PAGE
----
Torrance Grant said their mother is in deep pain over the situation.
“We don’t have nothing but the utmost respect for law enforcement. When something happens that’s who we call. We all depend on the police to be there to help keep us safe.
“We are not just grieving because our family member is locked up. We are grieving because of the whole situation. Someone has lost their life. We feel sorry for the officer, his wife, kids and his family,” he said.
“We know a lot of people don’t want to hear our story, but we want the Hopkins family to know, our family is mourning, too.
“Every time I see or hear something pertaining to that day, I cry. It is very sad. We want the community to know. We always knew it was not something he would do.”
Torrance Grant said the family questions the way police do surprise visits to residences.
“We are not only fighting for the rights of my brother, his freedom. We are fighting to get the procedure changed,” Torrance Grant said. “Going into these high-crime areas at that time of morning when people are in their deepest sleep, is a mistake. People on both sides (residents and law enforcement) are going to get killed. People in these high-crime areas protect their homes with guns. Some have guns. Some of them don’t.”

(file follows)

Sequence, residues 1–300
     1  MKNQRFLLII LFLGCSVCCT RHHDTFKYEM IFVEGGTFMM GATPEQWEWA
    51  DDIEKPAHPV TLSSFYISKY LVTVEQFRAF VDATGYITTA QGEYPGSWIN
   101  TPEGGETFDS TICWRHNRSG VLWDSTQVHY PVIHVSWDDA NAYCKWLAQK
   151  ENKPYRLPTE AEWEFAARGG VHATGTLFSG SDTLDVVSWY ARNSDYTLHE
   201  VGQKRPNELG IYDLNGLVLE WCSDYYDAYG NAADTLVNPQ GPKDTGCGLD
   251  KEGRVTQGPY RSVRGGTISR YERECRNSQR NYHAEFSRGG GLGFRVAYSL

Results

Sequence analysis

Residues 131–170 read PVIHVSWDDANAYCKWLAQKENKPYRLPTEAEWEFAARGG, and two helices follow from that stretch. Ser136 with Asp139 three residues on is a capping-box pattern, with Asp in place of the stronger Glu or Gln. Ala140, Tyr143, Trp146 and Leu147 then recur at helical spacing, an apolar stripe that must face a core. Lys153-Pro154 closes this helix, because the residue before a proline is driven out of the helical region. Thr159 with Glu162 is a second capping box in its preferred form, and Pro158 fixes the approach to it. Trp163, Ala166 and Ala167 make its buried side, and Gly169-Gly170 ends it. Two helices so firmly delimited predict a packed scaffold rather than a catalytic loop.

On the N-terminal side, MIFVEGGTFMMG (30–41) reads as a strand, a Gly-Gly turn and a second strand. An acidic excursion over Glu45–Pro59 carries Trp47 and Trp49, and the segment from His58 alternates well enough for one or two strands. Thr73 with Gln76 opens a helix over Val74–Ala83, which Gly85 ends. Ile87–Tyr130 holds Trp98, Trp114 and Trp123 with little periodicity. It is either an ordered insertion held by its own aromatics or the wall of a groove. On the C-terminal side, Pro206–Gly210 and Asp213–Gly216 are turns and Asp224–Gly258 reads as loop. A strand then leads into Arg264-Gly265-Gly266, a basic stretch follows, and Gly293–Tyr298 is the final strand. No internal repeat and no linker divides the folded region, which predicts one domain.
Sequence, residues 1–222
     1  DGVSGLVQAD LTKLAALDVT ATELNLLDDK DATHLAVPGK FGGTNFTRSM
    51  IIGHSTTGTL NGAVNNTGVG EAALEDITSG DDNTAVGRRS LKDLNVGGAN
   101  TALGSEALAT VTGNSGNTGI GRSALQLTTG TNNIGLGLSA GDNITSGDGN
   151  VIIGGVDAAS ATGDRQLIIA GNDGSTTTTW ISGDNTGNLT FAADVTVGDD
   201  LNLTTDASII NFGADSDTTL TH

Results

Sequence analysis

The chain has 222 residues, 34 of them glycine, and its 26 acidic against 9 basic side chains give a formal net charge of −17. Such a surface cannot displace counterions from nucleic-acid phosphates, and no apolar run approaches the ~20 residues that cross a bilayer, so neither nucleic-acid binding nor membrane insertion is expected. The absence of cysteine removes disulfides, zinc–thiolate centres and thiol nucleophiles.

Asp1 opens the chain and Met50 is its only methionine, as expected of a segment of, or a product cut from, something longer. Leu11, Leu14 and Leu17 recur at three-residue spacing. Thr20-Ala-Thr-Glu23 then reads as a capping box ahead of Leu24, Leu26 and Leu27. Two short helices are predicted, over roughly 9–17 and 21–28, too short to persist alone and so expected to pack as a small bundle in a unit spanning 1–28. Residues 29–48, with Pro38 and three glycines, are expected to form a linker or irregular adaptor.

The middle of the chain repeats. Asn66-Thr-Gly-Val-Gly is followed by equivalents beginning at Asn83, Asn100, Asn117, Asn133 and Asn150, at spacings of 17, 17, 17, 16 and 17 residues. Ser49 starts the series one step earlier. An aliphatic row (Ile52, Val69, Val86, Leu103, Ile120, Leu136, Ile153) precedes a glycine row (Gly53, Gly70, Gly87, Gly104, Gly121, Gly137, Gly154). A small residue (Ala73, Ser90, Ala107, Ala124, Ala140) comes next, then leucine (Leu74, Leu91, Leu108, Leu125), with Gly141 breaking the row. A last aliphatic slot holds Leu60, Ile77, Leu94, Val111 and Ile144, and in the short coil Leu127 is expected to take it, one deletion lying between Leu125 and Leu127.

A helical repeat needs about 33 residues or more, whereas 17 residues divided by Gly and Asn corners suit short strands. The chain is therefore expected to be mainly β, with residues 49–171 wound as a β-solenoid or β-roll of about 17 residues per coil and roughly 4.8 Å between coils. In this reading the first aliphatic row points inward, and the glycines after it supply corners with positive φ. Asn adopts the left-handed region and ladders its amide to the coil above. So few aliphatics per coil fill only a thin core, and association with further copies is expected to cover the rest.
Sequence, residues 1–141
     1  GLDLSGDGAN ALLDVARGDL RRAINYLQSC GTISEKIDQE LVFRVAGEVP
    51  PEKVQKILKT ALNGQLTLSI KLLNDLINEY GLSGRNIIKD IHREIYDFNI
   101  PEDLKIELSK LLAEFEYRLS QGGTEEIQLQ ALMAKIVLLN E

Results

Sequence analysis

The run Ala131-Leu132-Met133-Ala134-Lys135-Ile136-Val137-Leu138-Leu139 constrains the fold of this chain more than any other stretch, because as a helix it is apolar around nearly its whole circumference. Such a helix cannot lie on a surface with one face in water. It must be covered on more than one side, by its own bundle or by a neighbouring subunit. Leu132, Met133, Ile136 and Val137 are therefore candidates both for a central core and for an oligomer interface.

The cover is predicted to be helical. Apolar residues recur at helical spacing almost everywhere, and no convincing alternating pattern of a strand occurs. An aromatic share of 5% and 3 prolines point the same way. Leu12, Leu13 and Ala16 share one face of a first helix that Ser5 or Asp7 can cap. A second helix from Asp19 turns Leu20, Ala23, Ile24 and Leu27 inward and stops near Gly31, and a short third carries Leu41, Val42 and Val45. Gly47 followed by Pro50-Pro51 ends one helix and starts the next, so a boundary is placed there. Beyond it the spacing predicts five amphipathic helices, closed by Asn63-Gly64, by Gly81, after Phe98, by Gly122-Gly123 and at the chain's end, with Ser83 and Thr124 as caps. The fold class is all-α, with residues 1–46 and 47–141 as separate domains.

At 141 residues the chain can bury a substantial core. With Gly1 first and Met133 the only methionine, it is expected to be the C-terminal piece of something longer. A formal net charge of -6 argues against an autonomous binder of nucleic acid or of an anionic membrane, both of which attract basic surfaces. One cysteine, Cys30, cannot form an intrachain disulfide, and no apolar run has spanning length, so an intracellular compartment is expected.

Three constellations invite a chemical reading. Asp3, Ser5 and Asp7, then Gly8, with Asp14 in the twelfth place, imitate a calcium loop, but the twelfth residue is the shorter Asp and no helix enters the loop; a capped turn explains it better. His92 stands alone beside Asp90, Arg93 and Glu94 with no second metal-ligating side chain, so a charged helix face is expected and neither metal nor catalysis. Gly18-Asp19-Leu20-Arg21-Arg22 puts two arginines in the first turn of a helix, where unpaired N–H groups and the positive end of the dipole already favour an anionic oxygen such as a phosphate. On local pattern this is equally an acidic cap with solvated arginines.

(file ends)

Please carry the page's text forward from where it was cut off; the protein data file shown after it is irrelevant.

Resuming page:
East St. Louis Police Chief Kendall Perry said he was not aware that the no-knock search warrant was being served at the house on North 42nd Street. But, he said it was not an unusual circumstance.
“It’s not out of order. That’s a covert unit and they operate like this,” Perry said.
Asked whether he thought there would be changes in the way search warrants are served as a result of this case, Perry said he didn’t know.
“I really can’t say. I think this situation was the worse-case scenario,” the chief said.
“Anytime you put on a uniform and deal with high-risk situations, you understand you have a chance of something like this happening,” Perry said.
Torrance Grant said: “I guess the point of serving these search warrants early in the morning like that is to catch people. If you wake people out of their sleep like that, people aren’t in their right frame of mind. This procedure needs to be looked at.”
Suspect’s brother owns the house
Torrance Grant said initially when he saw the house on television, he didn’t realize it was the same residence where his brother Christopher often stayed.
St. Clair County property records show the house belongs to Patrick Grant, another brother. The records also show that taxes on the property have not been paid.
Torrance Grant said when he realized that was his brother Chris’ home, he stared in horror, but never thought the shooter could be his brother.